Coronavirus: ‘Fake commutes’ helping some employees separate work, home amid COVID-19

Ten minutes, twice per day could be just what the doctor ordered to help struggling teleworkers maintain a healthier work-life balance amid the ongoing novel coronavirus pandemic.

While millions of former commuters now working from home may not miss the physical act of sitting in highway gridlock or battling train station crowds or subway malfunctions, the loss of distinct routines separating home and work life means those worlds, more often than not, collide.

Enter the “fake commute,” where people replace that daily transition with walks, runs, bike rides and even meditation.

>> Read more trending news

Susan Jaworski, an office worker in Houston, told KTRK that she now starts and ends her workday with a quick bike ride around her neighborhood to help clear her mind.

“Once it started really bleeding over, that’s when I said, ‘I have got to do something, try something different,’” Jaworski told the TV station. “One more email. One more phone call. That one more message. That 10 minutes was turning into an hour, two hours.”

Ravi S. Gajendran, an associate professor at Florida International University’s College of Business, told CNN via email that the loss of distinctive transition between home and work has made the juggling act all the more difficult.

“It’s hard to smoothly hop on to a work-related Zoom call right after dealing with a demanding situation with kids at home. Likewise, it’s hard to leave behind the stresses and mental worries of (a) work-related Zoom call and instantly switch to being a loving and caring partner or spouse,” Gajendran wrote, noting many people are forced to bounce between those two all-consuming roles multiple times per day.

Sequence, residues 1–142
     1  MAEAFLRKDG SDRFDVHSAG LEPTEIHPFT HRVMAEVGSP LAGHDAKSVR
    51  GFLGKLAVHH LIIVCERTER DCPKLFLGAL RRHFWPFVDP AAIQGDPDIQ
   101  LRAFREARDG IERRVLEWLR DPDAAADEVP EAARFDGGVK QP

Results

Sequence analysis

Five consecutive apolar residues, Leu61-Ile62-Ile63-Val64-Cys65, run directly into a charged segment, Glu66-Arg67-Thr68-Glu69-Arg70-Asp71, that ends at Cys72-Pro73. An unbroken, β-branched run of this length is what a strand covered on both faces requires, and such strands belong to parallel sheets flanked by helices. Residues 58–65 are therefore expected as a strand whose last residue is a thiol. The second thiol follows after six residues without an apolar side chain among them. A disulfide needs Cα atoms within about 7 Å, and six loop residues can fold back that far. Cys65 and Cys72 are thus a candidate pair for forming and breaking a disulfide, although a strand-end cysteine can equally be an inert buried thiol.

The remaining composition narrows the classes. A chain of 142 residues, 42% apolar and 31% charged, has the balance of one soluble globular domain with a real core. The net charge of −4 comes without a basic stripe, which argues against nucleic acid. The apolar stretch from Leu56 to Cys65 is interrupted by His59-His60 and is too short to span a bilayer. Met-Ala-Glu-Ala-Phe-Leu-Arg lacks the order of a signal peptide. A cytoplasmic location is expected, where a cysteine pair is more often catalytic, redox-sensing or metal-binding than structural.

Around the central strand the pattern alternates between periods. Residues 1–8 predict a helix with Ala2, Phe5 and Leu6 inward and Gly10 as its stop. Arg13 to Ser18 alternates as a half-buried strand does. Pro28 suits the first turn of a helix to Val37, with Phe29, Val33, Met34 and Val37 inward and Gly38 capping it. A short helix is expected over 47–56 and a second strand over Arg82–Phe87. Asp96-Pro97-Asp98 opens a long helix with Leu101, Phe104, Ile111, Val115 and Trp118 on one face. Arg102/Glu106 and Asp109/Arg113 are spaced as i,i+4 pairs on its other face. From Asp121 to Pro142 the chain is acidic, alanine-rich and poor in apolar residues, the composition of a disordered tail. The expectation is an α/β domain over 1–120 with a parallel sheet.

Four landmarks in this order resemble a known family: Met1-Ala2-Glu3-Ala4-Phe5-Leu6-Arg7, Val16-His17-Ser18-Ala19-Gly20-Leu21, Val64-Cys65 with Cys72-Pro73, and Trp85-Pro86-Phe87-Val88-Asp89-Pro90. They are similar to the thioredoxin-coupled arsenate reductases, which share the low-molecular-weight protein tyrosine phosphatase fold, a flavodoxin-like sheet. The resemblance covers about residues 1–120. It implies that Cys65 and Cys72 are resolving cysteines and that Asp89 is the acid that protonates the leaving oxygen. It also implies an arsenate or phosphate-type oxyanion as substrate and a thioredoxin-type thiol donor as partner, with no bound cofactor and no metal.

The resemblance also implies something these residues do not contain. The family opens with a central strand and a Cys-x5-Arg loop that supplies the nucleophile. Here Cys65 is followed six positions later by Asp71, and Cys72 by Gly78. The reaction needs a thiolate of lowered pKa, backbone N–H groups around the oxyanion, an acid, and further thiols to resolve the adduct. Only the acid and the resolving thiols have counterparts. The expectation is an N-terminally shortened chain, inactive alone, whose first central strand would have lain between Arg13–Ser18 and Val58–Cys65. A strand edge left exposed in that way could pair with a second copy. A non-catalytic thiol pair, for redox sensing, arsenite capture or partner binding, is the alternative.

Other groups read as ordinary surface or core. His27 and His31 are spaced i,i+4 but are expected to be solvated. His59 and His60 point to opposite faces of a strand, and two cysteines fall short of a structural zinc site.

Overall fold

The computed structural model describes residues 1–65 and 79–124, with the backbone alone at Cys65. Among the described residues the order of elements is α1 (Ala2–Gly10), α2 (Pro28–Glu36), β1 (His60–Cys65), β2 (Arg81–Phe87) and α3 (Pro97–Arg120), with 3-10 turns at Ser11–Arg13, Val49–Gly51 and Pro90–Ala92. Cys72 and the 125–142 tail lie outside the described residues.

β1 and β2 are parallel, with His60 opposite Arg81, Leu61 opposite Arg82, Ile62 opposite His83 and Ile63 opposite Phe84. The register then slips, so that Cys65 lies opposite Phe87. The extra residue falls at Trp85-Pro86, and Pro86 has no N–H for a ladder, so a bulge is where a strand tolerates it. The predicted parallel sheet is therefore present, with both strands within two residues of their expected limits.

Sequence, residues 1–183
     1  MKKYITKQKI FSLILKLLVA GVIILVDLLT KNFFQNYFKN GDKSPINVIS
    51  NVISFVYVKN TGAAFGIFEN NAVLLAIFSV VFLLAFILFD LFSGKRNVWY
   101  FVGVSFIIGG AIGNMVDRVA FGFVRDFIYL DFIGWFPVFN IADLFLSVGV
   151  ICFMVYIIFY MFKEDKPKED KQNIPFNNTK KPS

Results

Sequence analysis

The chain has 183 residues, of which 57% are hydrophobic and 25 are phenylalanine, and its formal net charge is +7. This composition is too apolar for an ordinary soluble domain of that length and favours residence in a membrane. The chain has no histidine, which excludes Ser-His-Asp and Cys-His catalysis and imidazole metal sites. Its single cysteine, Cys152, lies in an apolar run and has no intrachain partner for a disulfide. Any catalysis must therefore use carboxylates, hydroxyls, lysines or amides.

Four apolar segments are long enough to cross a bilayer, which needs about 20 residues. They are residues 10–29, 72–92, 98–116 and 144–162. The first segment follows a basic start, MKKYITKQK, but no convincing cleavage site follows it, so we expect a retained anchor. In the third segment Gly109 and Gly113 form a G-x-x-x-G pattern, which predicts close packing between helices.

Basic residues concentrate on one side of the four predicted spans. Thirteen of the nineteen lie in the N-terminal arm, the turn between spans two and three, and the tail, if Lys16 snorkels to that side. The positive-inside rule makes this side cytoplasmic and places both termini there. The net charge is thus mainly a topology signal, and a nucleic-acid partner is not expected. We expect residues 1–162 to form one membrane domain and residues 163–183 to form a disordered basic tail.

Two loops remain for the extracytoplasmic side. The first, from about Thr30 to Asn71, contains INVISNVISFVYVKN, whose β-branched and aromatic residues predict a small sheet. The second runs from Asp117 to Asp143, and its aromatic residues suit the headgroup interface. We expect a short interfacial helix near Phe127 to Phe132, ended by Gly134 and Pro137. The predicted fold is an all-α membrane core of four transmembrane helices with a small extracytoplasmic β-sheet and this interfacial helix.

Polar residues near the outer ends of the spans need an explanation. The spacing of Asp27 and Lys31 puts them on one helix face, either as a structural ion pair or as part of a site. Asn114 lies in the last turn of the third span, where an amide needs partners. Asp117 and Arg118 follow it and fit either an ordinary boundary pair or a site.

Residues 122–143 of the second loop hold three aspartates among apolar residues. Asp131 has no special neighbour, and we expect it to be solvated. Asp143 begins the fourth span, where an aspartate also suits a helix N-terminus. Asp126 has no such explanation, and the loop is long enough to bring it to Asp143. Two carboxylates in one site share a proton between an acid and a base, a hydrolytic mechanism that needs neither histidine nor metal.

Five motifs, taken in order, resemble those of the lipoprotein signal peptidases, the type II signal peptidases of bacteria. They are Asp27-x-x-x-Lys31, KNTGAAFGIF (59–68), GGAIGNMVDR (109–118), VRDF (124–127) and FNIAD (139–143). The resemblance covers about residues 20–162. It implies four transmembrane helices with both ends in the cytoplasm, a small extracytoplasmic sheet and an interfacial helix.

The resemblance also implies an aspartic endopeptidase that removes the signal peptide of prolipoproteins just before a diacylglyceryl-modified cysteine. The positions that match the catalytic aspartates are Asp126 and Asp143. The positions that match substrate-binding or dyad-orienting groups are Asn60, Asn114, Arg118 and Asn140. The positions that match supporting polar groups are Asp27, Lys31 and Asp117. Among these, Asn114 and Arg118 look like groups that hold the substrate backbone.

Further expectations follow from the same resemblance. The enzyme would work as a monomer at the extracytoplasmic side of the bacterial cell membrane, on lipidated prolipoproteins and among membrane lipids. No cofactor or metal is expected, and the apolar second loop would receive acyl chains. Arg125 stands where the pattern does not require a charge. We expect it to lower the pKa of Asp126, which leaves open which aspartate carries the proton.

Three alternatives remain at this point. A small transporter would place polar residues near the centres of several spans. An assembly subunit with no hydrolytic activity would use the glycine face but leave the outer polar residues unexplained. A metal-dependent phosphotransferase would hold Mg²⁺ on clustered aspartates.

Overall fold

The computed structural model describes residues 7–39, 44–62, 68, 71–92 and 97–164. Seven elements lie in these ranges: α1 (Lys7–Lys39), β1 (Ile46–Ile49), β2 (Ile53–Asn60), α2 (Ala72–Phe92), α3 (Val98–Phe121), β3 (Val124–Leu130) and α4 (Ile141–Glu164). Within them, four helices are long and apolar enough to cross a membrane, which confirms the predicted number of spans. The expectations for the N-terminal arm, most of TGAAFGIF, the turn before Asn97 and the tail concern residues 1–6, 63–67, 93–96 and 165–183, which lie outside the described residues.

Louise Sharp told CNN that she quickly found herself logging in to her laptop earlier and signing off later, but a nearly 5-mile walk each day helped her prioritize her responsibilities, improve her mood and boost her motivation.

“Spending too much time in front of a screen and with no likely return to the office, I knew I had to do something,” Sharp, a whole family practitioner in Warrington, Cheshire, England, told the network.

Likewise, Ilona Alcock told CNN that she and her husband traded train rides and deliberate, destination-centric walks into more leisurely strolls that have become “an absolute lifeline.”

“They gave me a reason to get out of bed at the same time each morning and set me up for a more productive, active day. Walking outside has a massive positive impact on my mental health,” Alcock, co-founder of business development consultancy Elevate Greater Manchester in England, added.

More coronavirus pandemic coverage:

>> Coronavirus vaccines: CDC separates myths from facts

>> Coronavirus: Should we be wearing two masks when we go out in public?

>> Coronavirus: How long between exposure to the virus and the start of symptoms?

>> What are your chances of coming into contact with someone who has COVID-19? This tool will tell you

>> Wash your masks: How to clean a cloth face covering

>> Fact check: Will masks lower the oxygen level, raise the carbon dioxide in your blood?

>> How to not let coronavirus pandemic fatigue set in, battle back if it does